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Transplant patients from 40 years ago cause Pittsburgh doctors to take an about-face

MIAMI, Aug. 26 In a radical departure from the standard way of treating transplant patients, doctors from the University of Pittsburgh's Thomas E. Starzl Transplantation Institute have gone back to the future, so to speak.

Instead of the current practice of giving patients high doses of multiple drugs to suppress the immune system as soon as the organ is transplanted, the Pittsburgh team is giving a one-time dose of a drug that depletes important immune system cells just hours before transplantation and lower-than- usual doses of just one anti-rejection drug beginning the day after transplantation. Ninety days later, if there has been no rejection, the weaning process begins.

A similar strategy, without the deliberate attempt to wean, was in place 40 years ago. Seven of nine recipients of living-donor kidney transplants from that era have been off all anti-rejection drugs for between two and one-half and 38 years. Some stopped taking the drugs on their own. Others were weaned under doctors' supervision. That clinical experience of four decades ago coupled with a modern understanding of what is required for the immune system to accept a transplanted organ without the need for immunosuppression, led to the "new" clinical approach, said Thomas E. Starzl, M.D., Ph.D., at the XIX International Congress of The Transplantation Society.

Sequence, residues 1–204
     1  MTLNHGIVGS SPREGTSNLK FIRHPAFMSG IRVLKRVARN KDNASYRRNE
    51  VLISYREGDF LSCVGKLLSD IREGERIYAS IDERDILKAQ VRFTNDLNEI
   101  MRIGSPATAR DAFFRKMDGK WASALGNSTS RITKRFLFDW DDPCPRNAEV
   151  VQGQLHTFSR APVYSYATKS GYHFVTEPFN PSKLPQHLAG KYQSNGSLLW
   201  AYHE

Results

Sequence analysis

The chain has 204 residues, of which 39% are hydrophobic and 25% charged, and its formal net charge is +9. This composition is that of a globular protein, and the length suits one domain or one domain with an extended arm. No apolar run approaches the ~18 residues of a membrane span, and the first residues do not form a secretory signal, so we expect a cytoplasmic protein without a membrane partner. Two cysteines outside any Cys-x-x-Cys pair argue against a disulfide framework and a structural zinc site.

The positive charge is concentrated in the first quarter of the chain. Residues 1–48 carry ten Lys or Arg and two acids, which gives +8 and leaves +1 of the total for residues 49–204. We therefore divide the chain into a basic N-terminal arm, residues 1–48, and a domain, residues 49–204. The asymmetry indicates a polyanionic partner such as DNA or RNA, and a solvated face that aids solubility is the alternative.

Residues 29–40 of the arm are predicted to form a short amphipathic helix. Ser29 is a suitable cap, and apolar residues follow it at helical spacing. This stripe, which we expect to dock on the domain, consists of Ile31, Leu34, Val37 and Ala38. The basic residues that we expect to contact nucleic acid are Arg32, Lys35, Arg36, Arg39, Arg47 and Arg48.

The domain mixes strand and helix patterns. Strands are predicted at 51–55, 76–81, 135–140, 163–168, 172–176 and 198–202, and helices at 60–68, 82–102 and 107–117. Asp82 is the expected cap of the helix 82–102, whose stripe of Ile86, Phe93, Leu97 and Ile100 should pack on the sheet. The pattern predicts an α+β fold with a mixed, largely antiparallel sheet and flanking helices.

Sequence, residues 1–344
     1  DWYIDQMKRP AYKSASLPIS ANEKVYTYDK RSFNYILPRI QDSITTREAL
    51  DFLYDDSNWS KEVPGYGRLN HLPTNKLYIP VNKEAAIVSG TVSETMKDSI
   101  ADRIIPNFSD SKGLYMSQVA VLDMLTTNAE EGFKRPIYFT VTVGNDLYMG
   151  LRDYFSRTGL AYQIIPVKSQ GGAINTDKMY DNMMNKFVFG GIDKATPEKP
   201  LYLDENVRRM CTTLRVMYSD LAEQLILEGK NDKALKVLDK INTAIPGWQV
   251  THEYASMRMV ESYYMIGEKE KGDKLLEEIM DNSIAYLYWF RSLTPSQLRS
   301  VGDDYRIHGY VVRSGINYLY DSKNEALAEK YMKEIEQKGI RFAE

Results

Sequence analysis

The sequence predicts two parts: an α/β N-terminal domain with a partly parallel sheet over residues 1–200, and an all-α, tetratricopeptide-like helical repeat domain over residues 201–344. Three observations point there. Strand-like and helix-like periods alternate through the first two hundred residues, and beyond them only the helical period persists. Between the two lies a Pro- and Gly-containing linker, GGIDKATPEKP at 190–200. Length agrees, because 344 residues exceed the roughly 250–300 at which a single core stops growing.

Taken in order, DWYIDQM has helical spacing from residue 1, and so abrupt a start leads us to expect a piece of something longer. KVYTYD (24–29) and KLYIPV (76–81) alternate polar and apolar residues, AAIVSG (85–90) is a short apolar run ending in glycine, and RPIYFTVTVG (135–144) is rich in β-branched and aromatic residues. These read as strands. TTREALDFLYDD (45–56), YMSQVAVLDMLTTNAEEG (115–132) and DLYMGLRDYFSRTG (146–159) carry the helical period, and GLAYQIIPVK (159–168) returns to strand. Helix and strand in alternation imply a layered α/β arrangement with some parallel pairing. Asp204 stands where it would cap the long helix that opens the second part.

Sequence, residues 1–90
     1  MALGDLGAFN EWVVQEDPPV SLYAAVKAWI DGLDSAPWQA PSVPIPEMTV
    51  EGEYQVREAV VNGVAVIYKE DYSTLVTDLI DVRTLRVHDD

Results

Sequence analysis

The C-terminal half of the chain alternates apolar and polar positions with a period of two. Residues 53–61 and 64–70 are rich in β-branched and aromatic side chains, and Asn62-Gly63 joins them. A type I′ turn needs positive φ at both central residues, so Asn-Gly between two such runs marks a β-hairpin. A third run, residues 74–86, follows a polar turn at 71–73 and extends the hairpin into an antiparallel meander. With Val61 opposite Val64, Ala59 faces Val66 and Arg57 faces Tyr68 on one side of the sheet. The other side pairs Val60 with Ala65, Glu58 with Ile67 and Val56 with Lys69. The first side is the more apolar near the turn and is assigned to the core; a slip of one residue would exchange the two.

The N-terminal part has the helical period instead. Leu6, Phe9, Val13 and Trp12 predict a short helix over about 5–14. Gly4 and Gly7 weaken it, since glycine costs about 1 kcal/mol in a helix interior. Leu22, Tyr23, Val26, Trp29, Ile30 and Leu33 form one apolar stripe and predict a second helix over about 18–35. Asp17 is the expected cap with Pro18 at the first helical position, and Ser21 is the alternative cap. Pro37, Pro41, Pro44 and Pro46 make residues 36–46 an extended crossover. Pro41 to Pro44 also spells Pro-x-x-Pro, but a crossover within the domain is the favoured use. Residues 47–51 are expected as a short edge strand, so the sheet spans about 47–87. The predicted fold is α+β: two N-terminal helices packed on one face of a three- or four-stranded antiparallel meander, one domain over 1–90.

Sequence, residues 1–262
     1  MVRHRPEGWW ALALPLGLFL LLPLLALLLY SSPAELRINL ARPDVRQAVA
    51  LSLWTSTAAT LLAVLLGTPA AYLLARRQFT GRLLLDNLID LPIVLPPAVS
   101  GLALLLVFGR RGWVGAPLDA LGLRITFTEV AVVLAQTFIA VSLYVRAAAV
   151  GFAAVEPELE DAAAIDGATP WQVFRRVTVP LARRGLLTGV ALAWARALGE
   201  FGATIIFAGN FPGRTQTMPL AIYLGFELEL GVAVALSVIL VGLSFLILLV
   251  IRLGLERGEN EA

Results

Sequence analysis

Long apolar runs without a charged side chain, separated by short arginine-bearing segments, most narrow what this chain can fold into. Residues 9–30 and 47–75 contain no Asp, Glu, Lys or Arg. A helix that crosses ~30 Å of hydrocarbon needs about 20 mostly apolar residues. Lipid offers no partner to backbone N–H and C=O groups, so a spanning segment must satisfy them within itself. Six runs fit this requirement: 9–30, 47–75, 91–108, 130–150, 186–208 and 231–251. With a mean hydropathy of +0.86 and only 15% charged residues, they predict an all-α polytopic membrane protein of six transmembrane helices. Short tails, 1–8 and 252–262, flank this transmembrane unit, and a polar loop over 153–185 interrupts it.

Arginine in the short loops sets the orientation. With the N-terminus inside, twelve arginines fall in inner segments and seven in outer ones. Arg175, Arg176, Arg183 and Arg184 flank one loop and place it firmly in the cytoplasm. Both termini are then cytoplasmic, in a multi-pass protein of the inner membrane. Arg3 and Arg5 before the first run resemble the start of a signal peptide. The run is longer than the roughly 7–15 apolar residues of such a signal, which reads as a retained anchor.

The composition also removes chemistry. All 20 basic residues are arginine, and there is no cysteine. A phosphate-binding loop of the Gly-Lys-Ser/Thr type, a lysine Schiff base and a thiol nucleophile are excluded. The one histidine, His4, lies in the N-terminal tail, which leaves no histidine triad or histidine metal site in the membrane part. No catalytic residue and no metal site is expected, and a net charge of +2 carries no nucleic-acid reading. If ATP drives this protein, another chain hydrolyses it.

Since implementing the regimen, which aims to radically reduce and eventually wean patients off all immunosuppression, some transplant recipients of the small bowel, an organ especially prone to rejection, are taking a single anti-rejection drug and only once or twice a week, University of Pittsburgh researchers reported today. Many kidney, liver and pancreas transplant patients being treated under the new philosophy, introduced last year, are on minimal weekly doses as well.

In order to prevent rejection of the transplanted organ, doctors typically provide patients with strong immunosuppressives, often in
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Contact: Lisa Rossi
412-647-3555
University of Pittsburgh Medical Center
26-Aug-2002


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